Must-Know: McDonald’s Has Got Tough Competition

McDonald’s (MCD) competition includes large international and national food chains as well as regional and local retailers of food products.

Rekha Khandelwal, CFA - Author

Nov. 20 2020, Updated 12:21 p.m. ET

uploads///McDonalds competitors

McDonald’s (MCD) competition is diverse and boundaryless. The company competes with large international and national food chains as well as regional and local retailers of food products. It competes globally on price, convenience, service, menu variety, and product quality in the fragmented restaurant industry.

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McDonald’s competition

McDonald’s defines its primary competition as the IEO (informal eating out) segment by Euromonitor International. Euromonitor International is a top source of market data relating to the global restaurant industry. The IEO segment includes:

  • Quick service eating establishments.
  • Casual dining full-service restaurants.
  • Street stalls or kiosks.
  • Cafés.
  • 100% home delivery/takeaway providers.
  • Specialist coffee shops.
  • Self-service cafeterias.
  • Juice/smoothie bars.

So, Euromonitor’s definition of the IEO segment excludes establishments that primarily serve alcohol as well as full-service restaurants other than casual dining.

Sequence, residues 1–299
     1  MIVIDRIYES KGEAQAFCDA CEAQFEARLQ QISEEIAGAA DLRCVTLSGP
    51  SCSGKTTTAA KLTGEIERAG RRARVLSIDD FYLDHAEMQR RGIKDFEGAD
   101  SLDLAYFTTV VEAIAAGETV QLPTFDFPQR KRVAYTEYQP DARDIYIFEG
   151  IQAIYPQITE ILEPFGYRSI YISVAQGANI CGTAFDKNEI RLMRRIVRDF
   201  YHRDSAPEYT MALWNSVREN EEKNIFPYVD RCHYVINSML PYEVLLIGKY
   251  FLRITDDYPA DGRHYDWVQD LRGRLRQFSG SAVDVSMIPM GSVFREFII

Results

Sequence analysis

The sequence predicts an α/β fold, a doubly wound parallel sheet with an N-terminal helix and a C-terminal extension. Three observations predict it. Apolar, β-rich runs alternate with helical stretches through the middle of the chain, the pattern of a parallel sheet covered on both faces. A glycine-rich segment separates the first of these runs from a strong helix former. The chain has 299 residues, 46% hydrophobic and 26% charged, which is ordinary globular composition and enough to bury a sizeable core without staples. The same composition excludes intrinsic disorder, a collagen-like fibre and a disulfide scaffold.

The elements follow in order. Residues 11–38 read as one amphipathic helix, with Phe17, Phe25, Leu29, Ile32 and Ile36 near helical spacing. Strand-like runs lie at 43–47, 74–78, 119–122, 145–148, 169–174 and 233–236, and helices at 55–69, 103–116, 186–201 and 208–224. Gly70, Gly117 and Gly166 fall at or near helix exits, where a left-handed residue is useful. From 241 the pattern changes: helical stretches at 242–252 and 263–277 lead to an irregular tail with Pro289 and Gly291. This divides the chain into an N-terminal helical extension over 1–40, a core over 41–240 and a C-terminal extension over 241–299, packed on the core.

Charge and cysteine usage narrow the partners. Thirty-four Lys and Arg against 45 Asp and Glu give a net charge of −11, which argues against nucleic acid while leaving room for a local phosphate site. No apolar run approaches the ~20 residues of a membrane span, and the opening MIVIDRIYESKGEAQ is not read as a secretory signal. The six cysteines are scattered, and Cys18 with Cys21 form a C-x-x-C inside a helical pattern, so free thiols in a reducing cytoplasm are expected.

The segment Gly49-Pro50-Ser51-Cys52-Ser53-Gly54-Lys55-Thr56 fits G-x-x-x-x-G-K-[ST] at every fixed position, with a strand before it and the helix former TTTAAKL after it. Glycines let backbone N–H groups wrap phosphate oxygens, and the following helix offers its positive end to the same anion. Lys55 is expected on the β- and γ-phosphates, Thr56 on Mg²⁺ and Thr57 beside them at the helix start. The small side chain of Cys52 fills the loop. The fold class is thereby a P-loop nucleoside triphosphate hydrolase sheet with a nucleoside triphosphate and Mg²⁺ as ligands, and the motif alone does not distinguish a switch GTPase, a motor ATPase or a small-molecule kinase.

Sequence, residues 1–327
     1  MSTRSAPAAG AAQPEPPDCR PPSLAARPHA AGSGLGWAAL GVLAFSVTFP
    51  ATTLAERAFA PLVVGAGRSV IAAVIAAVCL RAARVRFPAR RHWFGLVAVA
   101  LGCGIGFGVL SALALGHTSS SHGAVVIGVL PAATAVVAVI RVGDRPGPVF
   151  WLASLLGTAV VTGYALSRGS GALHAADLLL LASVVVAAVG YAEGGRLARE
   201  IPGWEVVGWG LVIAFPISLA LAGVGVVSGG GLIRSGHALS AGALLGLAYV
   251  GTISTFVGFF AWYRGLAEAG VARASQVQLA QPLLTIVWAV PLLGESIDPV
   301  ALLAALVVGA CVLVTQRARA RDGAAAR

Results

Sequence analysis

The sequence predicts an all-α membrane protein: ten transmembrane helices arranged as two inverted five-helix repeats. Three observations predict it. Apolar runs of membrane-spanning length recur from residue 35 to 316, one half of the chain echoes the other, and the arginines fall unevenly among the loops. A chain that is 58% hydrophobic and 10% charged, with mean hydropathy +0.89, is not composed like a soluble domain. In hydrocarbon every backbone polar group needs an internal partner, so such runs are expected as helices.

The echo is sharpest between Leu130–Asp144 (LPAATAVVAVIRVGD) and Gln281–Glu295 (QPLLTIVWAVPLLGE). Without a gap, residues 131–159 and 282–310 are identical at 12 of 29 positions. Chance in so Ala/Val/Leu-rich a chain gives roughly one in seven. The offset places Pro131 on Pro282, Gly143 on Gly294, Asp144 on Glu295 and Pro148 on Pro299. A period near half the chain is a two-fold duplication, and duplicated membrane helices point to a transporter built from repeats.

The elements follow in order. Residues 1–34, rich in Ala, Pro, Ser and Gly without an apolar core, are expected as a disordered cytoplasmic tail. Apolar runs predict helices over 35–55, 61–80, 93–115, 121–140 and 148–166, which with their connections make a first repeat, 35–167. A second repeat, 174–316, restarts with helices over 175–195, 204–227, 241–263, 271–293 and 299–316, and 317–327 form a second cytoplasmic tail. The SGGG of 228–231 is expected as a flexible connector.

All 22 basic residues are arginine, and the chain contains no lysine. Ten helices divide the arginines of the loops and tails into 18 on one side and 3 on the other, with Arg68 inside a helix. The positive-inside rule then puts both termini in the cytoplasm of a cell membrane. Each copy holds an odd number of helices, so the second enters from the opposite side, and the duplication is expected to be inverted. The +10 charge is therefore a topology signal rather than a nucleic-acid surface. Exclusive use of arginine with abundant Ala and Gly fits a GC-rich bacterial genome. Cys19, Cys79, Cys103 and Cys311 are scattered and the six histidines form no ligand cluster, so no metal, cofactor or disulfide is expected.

According to Euromonitor International, the global IEO segment comprised around 9 million outlets in 2017. The segment generated $1.3 trillion in sales in that year. McDonald’s accounted for just 0.4% of those outlets. However, it accounted for 7.1% of the total sales. This is due to the bigger size of McDonald’s outlets compared to many others included in the definition.

Notably, IEO providers aren’t the only ones competing with McDonald’s. It also competes with other full-service restaurants. The global restaurant industry comprised around 19 million outlets and generated $2.5 trillion in sales in 2017. McDonald’s accounted for 0.2% of those outlets and 3.7% of the sales.

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McDonald’s competition

As we discussed above, McDonald’s faces competition from local food outlets to global food chains. So, competition is fierce for McDonald’s. It competes directly with similar format chains such as Yum! Brands (YUM), The Wendy’s Company (WEN), Domino’s Pizza (DPZ), Burger King, and Jack in the Box (JACK). It’s also facing increased competition from other formats such as Chipotle Mexican Grill (CMG), The Cheesecake Factory (CAKE), Panera Bread, and many more.

Additionally, Starbucks (SBUX), Darden Restaurants (DRI), Tim Hortons, and Bloomin’ Brands (BLMN) are some other food and coffee providers that offer people options when they plan to eat out.

The above table shows McDonald’s selected peers and their key metrics. Given the size and scale of McDonald’s, it is difficult to include all its competitors in this analysis. From the comparison table above, it’s clear that McDonald’s is a leader from a market capitalization perspective.

A dividend aristocrat

McDonald’s has a much higher dividend yield of 2.6%, making it part of an elite group of Dow and S&P 500 companies in the United States called dividend aristocrats. Dividend aristocrats are companies that have raised their dividends consecutively for a minimum of 25 years.